Significant University assets may be named in honor of an individual or a non-University entity to recognize service, dedication, or meritorious contributions to the institution when the naming is not associated with a gift or sponsorship. These assets should not be named for a person who is currently on the regular faculty or staff of the University, or a sitting Regent, but may be named for a person still living who has retired or left the service of the University. See the Board of Regents Policy: Namings and Renamings.
The All-University Honors Committee (AUHC) manages the process for the following honorary namings:
- Colleges, schools, and University-level academic programs
- Buildings and other significant University assets
The nominator may be a current member of the faculty or staff; or an alumnus. Anonymous proposals and self nominations will not be considered.
The AUHC manages the process and submits recommendations to the president, who makes recommendations to the Board of Regents (BOR).
The dossier must address the following criteria, as outlined in the Board of Regents Policy: Namings and Renamings:
- Community and belonging. Describe and demonstrate the impact of the nominee or the nominee’s work which espouses the University values of accessibility, equity, diversity, and dignity in people and ideas.
- Preservation and advancement of the University’s mission, guiding principles, and shared history. Describe and demonstrate the extent to which the nominee exemplifies the highest aspirations of the institution’s mission and guiding principles and advances the evolving landscape of University history and achievement.
The AUHC is particularly interested in receiving nomination packets regarding members of underrepresented and marginalized groups.
Nomination dossiers should not exceed 20 pages in length.
Format of Nomination Dossier
The six documents described below should be submitted as a single PDF in the following order:
- Nomination letter
- Letter from Dean, Chancellor, or Vice President
- Supporting letters
- Biographical information for the nominee
- Nomination summary
- Contact information
Nomination Letter: this letter should address the above criteria and focus on personal knowledge of the services of the nominee or the philanthropic activities that justify the nomination. If not honoring an individual, demonstrate rationale for proposed naming.
Letter from Dean, Chancellor, or Vice President: demonstrating support for the nomination (Note: The dean, chancellor, or vice president may serve as the nominator).
Supporting letters: at least three, not more than five, focusing on the above criteria. If not honoring an individual, letters of support should come from campus constituents. These letters are in addition to the letter from the nominator and the letter from the dean, chancellor, or vice president. (Again, the dean, chancellor, or vice president may serve as the nominator).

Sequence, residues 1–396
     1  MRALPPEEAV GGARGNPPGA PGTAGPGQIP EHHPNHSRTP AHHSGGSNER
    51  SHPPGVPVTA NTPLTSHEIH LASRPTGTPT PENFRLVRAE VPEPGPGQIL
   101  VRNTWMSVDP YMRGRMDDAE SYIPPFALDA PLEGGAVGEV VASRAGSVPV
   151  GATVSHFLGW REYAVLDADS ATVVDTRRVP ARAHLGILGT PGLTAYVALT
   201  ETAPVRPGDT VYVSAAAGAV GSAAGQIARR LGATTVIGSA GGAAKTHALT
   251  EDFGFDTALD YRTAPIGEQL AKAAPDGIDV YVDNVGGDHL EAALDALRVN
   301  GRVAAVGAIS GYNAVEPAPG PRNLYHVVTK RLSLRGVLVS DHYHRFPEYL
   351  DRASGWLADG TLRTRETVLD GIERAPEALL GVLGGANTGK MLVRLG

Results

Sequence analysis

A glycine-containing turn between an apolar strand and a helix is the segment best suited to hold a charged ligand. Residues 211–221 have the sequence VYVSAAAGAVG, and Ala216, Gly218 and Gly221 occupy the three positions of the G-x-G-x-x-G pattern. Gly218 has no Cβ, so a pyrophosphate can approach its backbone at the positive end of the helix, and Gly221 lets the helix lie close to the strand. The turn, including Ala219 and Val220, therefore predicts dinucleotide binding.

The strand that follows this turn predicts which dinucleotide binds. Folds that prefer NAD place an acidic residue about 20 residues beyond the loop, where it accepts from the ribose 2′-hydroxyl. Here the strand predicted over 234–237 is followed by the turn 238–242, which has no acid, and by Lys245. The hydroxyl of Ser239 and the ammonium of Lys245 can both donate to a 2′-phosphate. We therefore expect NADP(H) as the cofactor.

Biographical information (if honoring an individual): for the nominee: not to exceed five pages. This information must document the particular achievements that demonstrate the rationale for naming consideration. Such achievements may include, but not be limited to: education; employment; membership in professional societies; honors and awards; professional and public service; and related information.
Nomination summary: 250 words or less, restricted to outlining the nominee's accomplishments, excluding degrees and appointments. If not honoring an individual, summary should outline rationale for proposed naming.
Contact information: separate document with contact information for nominee (if living) or their representative (if deceased); nominator; dean, chancellor, or vice president; and persons writing supporting letters. Include the mailing address, email address, and phone number for each person (if University employee, use University contact information).
Submit to the honors committee of the appropriate college/unit, if one exists. The nomination is then forwarded to the All-University Honors Committee. If a college/unit does not have an honors committee, the nomination should be submitted directly to the All-University Honors Committee, c/o Erin Heath, at [email protected].
Nominations must be submitted as a single PDF file with the email subject line “Nomination Submission to the All-University Honors Committee”.
This process is confidential. No disclosure is to be made to the nominee or others. Nominators should make sure that others involved are aware that the nomination process is confidential. A nomination approved by the All-University Honors Committee is submitted to the president and, finally, to the Board of Regents for approval. Once the Board of Regents has made a decision and the nominee has accepted, the award is no longer confidential.
- Persons writing letters of nomination should know that such letters will be legally available to the nominee upon request, even to an unsuccessful candidate who becomes aware of the nomination. Nominators should also make sure that writers of supporting letters are aware that their letters, too, will be available on request.
- The AUHC may reject a nomination either for lack of merit or for lack of adequate documentation. In the latter case the nomination may be revised and re-submitted.
- Please note that there is a different process for namings of buildings for past presidents. See the Board of Regents Policy: Namings and Renamings for the process.
- For namings that are not honorific, see the above Board of Regents Policy.
If you have any questions about the nominating process, please contact Erin Heath, director, University Senate Office and University Awards and Honors, at 612-625-4805 or [email protected]